Published: Sat, January 14, 2017
Tech | By Dwayne Harmon

China's Exports Fall More Than Forecast; Imports Increase

China's Exports Fall More Than Forecast; Imports Increase

The rise in trade has been driven exclusively by Chinese exports to Russia, which grew 7.3 percent and came to nearly $37.3 billion, while imports from Russia fell 3.1 percent with China buying $32.228 billion worth of Russian products, according to customs data.

Imports last year gained 0.6% in yuan terms from a year earlier, reversing a drop of 13.2% in 2015, the General Administration of Customs said.

For the full year of 2016, exports slid 2 percent, while imports climbed 0.6 percent.

"There remain some obstacles facing China's foreign trade development", customs spokesman Huang Songping (黃頒平) told reporters at a news conference announcing the results, adding that the worldwide trading environment was "severe and complex".

China's December exports fell by a more-than-expected 6.1 percent on-year, while imports beat forecasts slightly, growing 3.1 percent on its strong demand for commodities.

Trump open to lifting Russia sanctions after 20 January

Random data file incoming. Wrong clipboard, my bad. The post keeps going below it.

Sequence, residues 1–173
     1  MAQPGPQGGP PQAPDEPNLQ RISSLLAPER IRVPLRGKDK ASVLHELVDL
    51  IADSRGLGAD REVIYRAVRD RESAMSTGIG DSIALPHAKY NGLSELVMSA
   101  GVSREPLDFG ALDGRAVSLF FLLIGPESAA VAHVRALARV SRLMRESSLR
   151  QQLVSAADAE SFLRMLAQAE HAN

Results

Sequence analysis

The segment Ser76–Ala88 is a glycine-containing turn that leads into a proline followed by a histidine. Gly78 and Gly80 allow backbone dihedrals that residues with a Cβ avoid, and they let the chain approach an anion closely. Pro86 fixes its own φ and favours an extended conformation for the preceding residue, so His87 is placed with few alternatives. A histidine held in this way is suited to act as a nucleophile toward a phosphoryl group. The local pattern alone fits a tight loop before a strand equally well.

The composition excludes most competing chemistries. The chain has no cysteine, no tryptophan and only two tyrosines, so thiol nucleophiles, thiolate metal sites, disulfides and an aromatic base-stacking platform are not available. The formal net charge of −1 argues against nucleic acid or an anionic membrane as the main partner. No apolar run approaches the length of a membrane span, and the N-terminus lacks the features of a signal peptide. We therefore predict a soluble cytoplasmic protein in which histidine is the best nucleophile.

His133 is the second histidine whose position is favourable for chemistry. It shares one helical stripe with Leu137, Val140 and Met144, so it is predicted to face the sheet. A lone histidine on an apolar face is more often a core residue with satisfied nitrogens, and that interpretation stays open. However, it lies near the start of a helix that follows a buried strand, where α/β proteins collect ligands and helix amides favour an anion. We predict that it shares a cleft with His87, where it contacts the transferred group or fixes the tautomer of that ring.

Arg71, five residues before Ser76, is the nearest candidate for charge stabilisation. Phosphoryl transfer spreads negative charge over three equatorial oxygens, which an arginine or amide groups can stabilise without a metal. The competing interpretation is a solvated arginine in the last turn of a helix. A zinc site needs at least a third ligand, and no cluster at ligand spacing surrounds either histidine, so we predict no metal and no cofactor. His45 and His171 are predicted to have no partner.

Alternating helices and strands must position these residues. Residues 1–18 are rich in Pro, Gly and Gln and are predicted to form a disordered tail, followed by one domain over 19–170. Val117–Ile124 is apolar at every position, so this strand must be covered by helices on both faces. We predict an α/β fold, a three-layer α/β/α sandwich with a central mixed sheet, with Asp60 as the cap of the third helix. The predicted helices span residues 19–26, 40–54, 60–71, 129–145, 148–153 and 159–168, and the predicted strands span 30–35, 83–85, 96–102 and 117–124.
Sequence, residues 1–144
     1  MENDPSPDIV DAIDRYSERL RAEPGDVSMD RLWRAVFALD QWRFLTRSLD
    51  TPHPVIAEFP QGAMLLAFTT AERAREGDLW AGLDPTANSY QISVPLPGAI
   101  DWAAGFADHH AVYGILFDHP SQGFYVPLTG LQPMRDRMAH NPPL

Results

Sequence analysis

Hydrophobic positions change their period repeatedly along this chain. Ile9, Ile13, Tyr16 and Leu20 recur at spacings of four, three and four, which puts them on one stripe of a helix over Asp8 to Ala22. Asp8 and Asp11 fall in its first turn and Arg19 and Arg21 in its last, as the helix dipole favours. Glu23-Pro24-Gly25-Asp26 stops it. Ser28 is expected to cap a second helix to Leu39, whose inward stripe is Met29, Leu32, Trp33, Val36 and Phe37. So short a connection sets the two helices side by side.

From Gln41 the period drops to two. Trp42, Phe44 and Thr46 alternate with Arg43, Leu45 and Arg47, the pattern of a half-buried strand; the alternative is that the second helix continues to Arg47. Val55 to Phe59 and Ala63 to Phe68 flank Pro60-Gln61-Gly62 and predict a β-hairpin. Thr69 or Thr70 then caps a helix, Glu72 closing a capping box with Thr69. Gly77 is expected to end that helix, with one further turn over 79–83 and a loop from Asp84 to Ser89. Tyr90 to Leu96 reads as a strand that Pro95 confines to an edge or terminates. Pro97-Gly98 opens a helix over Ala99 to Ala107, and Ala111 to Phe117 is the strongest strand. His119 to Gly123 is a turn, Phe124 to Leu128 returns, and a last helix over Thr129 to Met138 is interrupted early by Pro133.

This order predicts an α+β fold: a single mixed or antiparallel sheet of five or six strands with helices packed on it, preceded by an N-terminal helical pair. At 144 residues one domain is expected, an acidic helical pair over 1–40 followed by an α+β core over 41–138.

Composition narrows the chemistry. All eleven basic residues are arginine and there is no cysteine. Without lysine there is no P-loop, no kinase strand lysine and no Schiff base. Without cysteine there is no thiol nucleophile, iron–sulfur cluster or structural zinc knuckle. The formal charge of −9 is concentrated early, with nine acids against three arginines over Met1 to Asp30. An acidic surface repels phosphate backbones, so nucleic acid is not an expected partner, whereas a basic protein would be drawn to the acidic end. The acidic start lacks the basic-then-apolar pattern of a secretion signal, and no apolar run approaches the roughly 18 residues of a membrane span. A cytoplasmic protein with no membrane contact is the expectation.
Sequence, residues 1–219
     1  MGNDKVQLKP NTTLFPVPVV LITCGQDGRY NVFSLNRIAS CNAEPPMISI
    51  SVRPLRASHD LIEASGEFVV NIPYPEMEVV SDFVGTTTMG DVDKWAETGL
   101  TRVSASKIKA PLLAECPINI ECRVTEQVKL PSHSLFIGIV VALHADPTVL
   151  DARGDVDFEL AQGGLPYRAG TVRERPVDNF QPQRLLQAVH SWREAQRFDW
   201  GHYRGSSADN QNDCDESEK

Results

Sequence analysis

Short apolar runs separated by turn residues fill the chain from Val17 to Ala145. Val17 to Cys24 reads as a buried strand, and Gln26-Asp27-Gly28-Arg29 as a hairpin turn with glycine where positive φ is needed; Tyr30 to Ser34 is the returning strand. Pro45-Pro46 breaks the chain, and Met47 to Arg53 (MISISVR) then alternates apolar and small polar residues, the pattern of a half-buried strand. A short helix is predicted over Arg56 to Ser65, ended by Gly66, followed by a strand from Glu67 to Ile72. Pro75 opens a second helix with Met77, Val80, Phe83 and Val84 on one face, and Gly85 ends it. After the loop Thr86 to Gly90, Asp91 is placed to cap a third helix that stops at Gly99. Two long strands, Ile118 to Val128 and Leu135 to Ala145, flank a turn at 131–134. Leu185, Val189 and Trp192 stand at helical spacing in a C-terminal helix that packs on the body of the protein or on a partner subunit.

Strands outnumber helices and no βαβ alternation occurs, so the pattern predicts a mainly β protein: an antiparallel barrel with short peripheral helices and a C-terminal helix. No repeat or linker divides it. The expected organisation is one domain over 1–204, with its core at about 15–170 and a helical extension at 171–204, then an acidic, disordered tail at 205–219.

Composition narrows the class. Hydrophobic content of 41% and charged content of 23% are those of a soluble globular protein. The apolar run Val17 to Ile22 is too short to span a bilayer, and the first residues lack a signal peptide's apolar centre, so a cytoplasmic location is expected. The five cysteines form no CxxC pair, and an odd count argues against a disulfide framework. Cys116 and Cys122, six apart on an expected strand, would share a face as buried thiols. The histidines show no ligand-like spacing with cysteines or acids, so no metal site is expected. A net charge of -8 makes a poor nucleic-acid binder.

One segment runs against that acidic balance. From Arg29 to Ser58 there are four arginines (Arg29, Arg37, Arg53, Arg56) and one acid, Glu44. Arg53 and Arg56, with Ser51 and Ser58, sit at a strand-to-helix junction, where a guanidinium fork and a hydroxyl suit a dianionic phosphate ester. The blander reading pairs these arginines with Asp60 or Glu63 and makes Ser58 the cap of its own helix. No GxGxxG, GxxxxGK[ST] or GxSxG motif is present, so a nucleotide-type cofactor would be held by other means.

Trump open to lifting Russia sanctions after 20 January

The rise was mainly attributed to lending for home purchases, which surged to 5.68 trillion yuan in 2016 from 3.05 trillion yuan in 2015, although the government rolled out measures to cool the overheated property market.

China, the world's largest trader in goods, is losing shipments and trade volumes to a weak global demand fuelled by Donald Trump's allegations of currency manipulations against Beijing.

Policymakers and investors are waiting to see which of Trump's campaign trail pledges he will seek to push through after being sworn in on 20 January. Chinese exports had slumped 16 per cent in 2009.

"The trend of anti-globalization is becoming increasingly evident, and China is the biggest victim of this trend", customs spokesman Huang Songping said, adding that Beijing will closely monitor United States trade policy after Trump's inauguration.

Julian Evans-Pritchard, China economist at the consultancy Capital Economics, said he saw little prospect of China's trade position improving in the near future, partly thanks to tepid global growth.

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